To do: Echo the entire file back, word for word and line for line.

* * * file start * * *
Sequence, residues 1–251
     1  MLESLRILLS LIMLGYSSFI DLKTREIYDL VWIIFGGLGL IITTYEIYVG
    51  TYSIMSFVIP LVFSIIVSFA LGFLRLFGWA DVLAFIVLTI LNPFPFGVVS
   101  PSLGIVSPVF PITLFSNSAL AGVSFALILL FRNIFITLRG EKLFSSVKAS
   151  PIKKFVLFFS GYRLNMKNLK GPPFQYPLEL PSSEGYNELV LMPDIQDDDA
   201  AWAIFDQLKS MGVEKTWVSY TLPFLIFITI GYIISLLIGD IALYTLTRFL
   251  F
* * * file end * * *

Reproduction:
Sequence, residues 1–251
     1  MLESLRILLS LIMLGYSSFI DLKTREIYDL VWIIFGGLGL IITTYEIYVG
    51  TYSIMSFVIP LVFSIIVSFA LGFLRLFGWA DVLAFIVLTI LNPFPFGVVS
   101  PSLGIVSPVF PITLFSNSAL AGVSFALILL FRNIFITLRG EKLFSSVKAS
   151  PIKKFVLFFS GYRLNMKNLK GPPFQYPLEL PSSEGYNELV LMPDIQDDDA
   201  AWAIFDQLKS MGVEKTWVSY TLPFLIFITI GYIISLLIGD IALYTLTRFL
   251  F